- 1A division of 3,000-6,000 men, including a complement of cavalry, in the ancient Roman army.More example sentences
- The most important fighting unit of the Roman Army was the legion commanded by a legatus.
- Thus it was Titus who commanded the Roman legions during the famous sack of Jerusalem.
- The Roman legions brought peace and prosperity, at least most of the time.
- 2 (a legion/legions of) A vast number of people or things: legions of photographers and TV camerasMore example sentences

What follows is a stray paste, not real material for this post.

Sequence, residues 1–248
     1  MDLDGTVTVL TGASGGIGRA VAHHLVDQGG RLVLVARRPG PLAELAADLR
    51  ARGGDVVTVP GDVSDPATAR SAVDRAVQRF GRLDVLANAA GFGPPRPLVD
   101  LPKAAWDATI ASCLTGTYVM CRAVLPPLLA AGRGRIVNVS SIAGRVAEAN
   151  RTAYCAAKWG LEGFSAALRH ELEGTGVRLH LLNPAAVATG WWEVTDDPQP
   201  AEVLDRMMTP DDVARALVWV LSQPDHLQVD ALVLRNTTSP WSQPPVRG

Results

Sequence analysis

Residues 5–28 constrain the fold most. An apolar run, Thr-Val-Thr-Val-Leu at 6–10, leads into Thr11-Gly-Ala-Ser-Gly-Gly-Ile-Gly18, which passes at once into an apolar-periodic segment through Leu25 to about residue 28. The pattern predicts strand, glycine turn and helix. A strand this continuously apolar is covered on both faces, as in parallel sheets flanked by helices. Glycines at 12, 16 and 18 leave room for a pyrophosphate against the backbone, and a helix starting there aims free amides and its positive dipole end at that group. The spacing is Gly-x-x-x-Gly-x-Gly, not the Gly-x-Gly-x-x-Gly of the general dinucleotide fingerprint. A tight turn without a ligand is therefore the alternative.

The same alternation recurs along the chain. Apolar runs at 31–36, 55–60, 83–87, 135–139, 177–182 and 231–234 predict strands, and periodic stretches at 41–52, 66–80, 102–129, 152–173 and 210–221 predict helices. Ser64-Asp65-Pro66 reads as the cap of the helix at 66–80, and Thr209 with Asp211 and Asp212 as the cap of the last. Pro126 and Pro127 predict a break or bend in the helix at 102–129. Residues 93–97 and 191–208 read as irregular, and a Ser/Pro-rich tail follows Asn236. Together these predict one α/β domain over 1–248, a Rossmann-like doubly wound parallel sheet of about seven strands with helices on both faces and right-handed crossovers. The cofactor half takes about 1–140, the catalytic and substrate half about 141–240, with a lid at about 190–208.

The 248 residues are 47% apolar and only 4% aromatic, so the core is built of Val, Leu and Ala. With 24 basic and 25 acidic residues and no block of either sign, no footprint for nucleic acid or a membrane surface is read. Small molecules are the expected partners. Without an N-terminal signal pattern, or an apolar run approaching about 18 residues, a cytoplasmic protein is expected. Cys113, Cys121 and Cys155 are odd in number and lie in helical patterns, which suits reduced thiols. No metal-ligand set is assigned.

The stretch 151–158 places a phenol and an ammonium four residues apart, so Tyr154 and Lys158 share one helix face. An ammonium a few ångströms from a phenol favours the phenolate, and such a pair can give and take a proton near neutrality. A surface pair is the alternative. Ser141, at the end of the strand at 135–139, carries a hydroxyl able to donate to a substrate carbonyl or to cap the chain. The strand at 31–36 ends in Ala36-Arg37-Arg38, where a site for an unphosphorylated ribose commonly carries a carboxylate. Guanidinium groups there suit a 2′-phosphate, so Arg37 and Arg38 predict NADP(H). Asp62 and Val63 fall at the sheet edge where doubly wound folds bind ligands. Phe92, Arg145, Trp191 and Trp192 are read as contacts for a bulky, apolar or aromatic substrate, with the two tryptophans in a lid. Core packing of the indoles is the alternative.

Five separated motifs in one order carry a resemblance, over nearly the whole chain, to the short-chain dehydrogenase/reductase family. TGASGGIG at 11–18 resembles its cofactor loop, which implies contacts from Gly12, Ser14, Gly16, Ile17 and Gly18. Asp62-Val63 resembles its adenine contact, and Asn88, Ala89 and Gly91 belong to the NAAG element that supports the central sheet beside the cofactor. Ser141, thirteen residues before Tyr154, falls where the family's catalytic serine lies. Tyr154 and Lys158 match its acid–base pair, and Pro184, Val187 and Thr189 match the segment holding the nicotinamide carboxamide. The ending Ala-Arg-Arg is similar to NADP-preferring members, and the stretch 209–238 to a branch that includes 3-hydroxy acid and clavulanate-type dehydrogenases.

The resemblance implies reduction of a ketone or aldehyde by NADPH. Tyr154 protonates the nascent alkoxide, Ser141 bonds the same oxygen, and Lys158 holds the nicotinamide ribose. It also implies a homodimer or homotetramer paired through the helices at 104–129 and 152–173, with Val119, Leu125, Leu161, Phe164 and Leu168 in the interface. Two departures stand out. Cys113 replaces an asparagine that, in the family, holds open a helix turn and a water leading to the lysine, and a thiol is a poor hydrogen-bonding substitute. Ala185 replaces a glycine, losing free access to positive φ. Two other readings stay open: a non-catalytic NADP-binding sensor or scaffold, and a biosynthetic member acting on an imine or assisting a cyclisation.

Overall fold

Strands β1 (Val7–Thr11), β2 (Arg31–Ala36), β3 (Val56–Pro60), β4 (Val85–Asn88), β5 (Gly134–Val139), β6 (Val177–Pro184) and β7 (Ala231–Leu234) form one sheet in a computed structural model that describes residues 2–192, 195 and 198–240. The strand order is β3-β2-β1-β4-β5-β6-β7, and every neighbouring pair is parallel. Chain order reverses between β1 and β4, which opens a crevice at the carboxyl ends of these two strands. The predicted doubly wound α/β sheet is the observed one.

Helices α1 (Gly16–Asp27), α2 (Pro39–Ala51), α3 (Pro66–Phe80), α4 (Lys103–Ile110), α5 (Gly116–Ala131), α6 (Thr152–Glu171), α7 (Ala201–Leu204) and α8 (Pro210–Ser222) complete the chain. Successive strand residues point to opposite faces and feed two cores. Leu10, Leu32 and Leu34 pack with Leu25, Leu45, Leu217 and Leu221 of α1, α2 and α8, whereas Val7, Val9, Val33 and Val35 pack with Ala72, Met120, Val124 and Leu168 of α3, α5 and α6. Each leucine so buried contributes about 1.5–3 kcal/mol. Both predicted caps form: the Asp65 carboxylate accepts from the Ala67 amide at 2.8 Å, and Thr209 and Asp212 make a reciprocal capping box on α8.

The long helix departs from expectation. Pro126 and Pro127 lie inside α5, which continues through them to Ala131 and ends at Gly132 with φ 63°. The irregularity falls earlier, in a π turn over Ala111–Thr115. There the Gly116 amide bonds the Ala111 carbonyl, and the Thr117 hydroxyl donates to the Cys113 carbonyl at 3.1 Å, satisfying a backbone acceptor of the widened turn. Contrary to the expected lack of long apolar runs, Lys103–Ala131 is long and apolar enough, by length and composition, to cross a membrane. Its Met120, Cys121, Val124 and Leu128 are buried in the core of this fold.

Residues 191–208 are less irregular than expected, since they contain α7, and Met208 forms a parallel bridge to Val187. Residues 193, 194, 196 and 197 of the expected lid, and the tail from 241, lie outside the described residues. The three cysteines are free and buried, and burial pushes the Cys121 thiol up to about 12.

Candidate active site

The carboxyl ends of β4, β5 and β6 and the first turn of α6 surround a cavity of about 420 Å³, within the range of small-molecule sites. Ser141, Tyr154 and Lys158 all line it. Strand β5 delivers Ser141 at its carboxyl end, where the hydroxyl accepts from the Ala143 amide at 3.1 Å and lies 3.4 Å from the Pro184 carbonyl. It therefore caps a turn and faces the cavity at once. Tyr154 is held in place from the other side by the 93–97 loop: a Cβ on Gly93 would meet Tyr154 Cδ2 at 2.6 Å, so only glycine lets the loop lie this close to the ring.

- She has already won a legion of admirers and a Radio 3 Award for world music.
- It'll silence their critics, amaze their fans and win them a whole new legion of admirers.
- For the band's legion of fans, Metz's book is a loving walk down memory lane.
adjective[predic.] Back to top
- Great in number: her fans are legionMore example sentences
- Literary references to wine drinking are legion, presumably because it encouraged conversation, civilized, bawdy, or sometimes nonsensical.
- The number of characters confronting inner demons was legion.
- The stories about Dan are legion, and don't bear repetition here - although his autobiography is highly recommended.
Middle English: via Old French from Latin legio(n-), from legere 'choose, levy'. The adjective dates from the late 17th century, in early use often in the phrase my, their, etc. name is legion, i.e. 'we, they, etc. are many' (Mark 5:9).